It’s been cold here and I was craving something warm and delicious, yet that still had a fresh taste, when I came across a bag of beans in my pantry. I went online for a black bean soup recipe, but after some searching, determined that they all looked bland and watery, or like a plain pot of beans. I didn’t want any of those. Bland and watery also doesn’t make for delicious left overs or left over revamps, so I threw a bunch of stuff in my bean pot, and this is what came out.
- 1 pound dried black beans
- 1 32oz carton low sodium vegetable broth
- 2 cups water
- 5 cloves garlic, minced
- 1 can fire roasted tomatoes
- A handful of cilantro, chopped
- 1 whole medium onion, diced
- 1 whole red bell pepper, seeded and diced
- 1 whole yellow bell pepper, seeded and diced
- 1 whole jalapeño, seeded and diced
- 1 tablespoon salt (more to taste, I also used smoked salt)
- 1 tablespoon chili powder
- 1 tablespoon cumin
- 1 1/2 teaspoon smoked paprika
- 1 tablespoon dry enchilada seasoning (can be found in your bulk spice section at the grocery store)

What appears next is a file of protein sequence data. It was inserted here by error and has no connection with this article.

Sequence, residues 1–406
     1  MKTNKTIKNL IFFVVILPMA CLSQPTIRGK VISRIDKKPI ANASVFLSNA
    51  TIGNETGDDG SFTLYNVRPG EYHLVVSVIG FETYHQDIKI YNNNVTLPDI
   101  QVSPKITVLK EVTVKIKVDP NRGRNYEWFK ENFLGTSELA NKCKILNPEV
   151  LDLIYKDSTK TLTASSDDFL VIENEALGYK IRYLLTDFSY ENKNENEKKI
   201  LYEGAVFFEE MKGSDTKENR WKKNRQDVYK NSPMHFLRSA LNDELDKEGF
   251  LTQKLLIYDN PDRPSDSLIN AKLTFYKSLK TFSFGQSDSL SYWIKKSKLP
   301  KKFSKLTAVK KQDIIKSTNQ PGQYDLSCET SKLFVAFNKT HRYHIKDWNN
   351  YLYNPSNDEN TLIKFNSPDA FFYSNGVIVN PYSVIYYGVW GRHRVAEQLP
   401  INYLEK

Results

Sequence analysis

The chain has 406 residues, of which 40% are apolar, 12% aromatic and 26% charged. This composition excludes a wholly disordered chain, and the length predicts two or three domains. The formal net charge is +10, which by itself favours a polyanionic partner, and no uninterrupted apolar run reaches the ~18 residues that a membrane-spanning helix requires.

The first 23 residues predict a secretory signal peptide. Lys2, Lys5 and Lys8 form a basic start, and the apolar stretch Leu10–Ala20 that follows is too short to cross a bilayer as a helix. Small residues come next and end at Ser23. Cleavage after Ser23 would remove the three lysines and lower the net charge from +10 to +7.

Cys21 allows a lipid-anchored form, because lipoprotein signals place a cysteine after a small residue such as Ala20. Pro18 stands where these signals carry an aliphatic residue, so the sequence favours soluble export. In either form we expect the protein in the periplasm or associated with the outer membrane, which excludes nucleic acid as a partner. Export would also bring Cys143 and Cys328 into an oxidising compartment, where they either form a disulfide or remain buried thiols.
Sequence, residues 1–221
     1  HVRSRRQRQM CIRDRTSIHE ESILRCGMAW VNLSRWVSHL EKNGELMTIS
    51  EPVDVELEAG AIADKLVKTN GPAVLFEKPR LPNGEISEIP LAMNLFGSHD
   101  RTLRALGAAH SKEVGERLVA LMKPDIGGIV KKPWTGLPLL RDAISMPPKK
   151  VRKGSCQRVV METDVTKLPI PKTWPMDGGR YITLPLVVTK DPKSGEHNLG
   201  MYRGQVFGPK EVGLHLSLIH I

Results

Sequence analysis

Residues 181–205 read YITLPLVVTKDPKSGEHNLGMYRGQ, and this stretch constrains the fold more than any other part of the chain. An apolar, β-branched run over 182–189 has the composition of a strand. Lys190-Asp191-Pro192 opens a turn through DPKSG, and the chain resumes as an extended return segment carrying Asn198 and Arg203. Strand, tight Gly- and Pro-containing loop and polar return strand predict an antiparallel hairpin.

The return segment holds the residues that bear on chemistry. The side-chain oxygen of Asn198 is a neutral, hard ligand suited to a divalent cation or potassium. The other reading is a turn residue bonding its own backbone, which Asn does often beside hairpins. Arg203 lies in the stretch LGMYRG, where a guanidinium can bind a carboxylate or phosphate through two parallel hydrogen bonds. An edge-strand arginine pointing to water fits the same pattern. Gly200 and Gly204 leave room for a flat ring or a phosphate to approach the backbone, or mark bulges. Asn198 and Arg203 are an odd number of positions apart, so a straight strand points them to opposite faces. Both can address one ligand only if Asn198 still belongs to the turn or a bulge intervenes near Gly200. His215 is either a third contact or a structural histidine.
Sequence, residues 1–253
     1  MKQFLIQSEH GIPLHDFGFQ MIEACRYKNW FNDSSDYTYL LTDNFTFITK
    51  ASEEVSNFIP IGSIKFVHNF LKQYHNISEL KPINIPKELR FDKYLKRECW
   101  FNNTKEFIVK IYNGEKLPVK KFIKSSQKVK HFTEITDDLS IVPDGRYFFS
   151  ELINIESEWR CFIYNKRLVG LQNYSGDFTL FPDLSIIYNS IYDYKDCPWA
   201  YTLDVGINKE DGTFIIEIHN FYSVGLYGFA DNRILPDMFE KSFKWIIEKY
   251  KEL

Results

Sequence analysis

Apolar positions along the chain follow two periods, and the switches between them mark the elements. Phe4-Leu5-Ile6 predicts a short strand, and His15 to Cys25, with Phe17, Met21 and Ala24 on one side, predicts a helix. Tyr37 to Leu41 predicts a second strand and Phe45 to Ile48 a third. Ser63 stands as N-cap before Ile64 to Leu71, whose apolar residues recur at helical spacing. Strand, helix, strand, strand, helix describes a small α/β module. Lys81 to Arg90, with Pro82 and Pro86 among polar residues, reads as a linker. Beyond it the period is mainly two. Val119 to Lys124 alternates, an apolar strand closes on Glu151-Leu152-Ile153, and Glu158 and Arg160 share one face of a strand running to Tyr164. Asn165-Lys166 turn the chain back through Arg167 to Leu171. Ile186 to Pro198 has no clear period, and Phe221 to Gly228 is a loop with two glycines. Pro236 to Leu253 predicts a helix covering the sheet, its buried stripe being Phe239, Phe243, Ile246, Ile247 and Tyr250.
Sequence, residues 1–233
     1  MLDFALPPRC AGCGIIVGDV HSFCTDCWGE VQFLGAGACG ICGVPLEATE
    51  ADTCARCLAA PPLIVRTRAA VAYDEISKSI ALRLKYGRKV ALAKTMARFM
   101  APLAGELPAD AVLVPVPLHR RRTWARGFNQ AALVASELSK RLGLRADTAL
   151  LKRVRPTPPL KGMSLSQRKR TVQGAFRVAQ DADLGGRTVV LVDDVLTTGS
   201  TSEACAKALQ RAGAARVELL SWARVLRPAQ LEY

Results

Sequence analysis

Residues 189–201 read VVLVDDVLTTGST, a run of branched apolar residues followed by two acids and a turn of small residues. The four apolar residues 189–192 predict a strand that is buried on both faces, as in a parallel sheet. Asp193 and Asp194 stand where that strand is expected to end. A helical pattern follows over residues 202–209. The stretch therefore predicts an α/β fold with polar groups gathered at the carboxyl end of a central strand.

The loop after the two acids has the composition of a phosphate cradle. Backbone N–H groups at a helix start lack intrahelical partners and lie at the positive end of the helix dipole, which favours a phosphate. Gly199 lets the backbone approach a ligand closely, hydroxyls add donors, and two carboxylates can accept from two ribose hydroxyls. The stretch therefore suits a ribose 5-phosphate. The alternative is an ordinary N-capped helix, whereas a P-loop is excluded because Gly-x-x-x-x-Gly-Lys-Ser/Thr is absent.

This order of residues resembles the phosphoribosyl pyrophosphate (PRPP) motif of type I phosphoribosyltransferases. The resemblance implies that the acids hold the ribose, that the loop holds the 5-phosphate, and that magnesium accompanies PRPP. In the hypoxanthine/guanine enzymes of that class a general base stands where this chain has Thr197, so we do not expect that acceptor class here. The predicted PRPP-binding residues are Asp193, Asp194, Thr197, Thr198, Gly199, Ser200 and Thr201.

Bottoms and Tops
- Avocado, sliced
- Lime wedges
- Rice or tortillas
- Sliced, hard chorizo
Prep your beans the way you normally prep them. I like to soak them over night in cold water. Some people like to play fast and loose with the toots and do a quick soak (via boiling). Do what you like here.
Once your beans are soaked, in a medium pot, add beans, vegetable stock, water, onions, tomatoes, and peppers. Bring to a boil, then reduce the heat to low, cover, and simmer for an hour. After an hour, add your salt, chili powder, and other seasonings. Cover and continue simmering for another hour to hour and a half, until there is more darker thick liquid in your spoon, than clearer liquid. Add your chopped cilantro at the very end, then taste for seasoning and add more of what ever you think it needs.
Serve soup (it feels like soup, instead of just a pot of beans, once the tomatoes and cilantro are in there) either on top of some grains or on its own. Add your toppings and make sure not to forget the lime.